Something I learned, you may not know!

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Project by Jimthecarver posted 258 days ago 2558 views 10 times favorited 20 comments Add to Favorites Watch

After cutting purple heart wood I noticed the edges were very purple but the rest was less than. Which got the grey matter churning a little.
It had to be heat buildup that caused the colorr change. I did a test on a scrap piece….I covered part of the scrap and heated it up with a heat gun. The second picture shows the outcome.
No stain used, only 1 coat of finish.
I covered the stick below the butterfly and heated only the butterfly.
Anyway I thought it was much more colorful using this new found method.
Thanks for the peek.

-- Can't never could do anything, to try is to advance.

20 comments so far

View NinjaAssassin's profile


399 posts in 351 days

#1 posted 258 days ago

That’s pretty cool. Thanks for sharing!

-- - Billy

View ic3ss's profile


254 posts in 1403 days

#2 posted 258 days ago

It also oxidises, and as it ages, the bright purple darkens quite a bit. Didn’t know about it’s reactivity to heat. Cool.


-- "I am endeavoring, ma'am, to construct a mnemonic memory circuit using stone knives and bear skins."

View Spoontaneous's profile


1304 posts in 1956 days

#3 posted 258 days ago

Pretty cool. I wonder if you could make a gradual shading with the heat.

-- I just got done cutting three boards and all four of them were too short. (true story)

View Monte Pittman's profile

Monte Pittman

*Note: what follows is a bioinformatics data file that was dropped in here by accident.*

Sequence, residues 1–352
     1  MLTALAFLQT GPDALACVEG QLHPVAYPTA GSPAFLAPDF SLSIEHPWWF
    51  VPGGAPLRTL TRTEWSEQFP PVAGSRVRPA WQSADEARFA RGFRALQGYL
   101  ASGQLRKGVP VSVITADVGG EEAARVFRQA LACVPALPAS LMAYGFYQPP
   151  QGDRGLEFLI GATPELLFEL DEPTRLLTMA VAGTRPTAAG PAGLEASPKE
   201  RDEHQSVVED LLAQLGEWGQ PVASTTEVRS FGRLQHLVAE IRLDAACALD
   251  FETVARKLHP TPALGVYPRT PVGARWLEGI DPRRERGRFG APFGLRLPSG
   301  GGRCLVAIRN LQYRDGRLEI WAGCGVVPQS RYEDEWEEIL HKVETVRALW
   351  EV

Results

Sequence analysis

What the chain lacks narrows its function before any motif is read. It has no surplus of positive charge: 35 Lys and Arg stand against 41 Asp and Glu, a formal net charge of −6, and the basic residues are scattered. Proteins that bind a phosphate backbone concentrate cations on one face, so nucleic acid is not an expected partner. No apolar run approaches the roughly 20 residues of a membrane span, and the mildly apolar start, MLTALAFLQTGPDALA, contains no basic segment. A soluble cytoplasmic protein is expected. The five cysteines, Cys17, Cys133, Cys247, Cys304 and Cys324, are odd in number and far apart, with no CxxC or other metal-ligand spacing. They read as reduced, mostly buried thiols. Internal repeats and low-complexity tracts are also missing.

13739 posts in 964 days

#4 posted 258 days ago

That definitely opens some possibilities. Always like new techniques.

Great job on the butterfly.

-- Mother Nature created it, I just assemble it. - It's not ability that we often lack, but the patience to use our ability

View ksSlim's profile


972 posts in 1516 days

#5 posted 258 days ago

Might shading with hot sand, similar to what you do for inlays.

-- Sawdust and shavings are therapeutic

View Eric's profile


4 posts in 508 days

#6 posted 258 days ago

I live in south Florida. I let the sun heat the wood. A few days of 90+ temps gives it a very deep hue as well.

-- Marines: America's 911 Force

View PCM's profile


132 posts in 1671 days

#7 posted 258 days ago


View sras's profile


3813 posts in 1755 days

#8 posted 258 days ago


-- Steve - Impatience is Expensive

View OakHill's profile


277 posts in 421 days

#9 posted 258 days ago

Thanks for the tip. I was thinking of getting some purple heart and trying a project with the wood.

Good thing to know



-- John, Illinois,

View Dave Dufour's profile

Dave Dufour

245 posts in 605 days

#10 posted 258 days ago

Learn something new every day.
Nice find.
Wonder if it will stay like that.

-- Dave, from Canada,

View NaptownWood's profile


243 posts in 499 days

#11 posted 258 days ago

Yeah, i believe the sun does it no matter the temperature, but i didnt know just the heat would work. I thought it was the UV rays. Maybe IR rays too.

-- Witty signature line still pending

View Jimthecarver's profile


1121 posts in 2412 days

#12 posted 258 days ago

Makes me think about other types of wood and the color change.
I like the idea of heated sand…I must try that method.

-- Can't never could do anything, to try is to advance.

View TheWoodenOyster's profile (online now)


710 posts in 561 days

#13 posted 258 days ago

That is really cool! I love learning new things about the properties of the woods we work with. There is so much to be discovered about our favorite material. Thanks for sharing

-- The Wood Is Your Oyster

View oldnovice's profile


3688 posts in 1994 days

#14 posted 257 days ago

Everyone says it was pretty COOL but I read you used heat from a heat gun … does your heat gun put out cold heat? chuckle

I like what you have discovered and it answers some questions about my last purple heart project!

-- "I never met a board I didn't like!"

View bobasaurus's profile


1217 posts in 1810 days

#15 posted 257 days ago

Neat technique… I’ll give it a try someday. Be sure to use a finish with a UV blocker to keep the purple color for as long as possible.

-- Allen, Colorado

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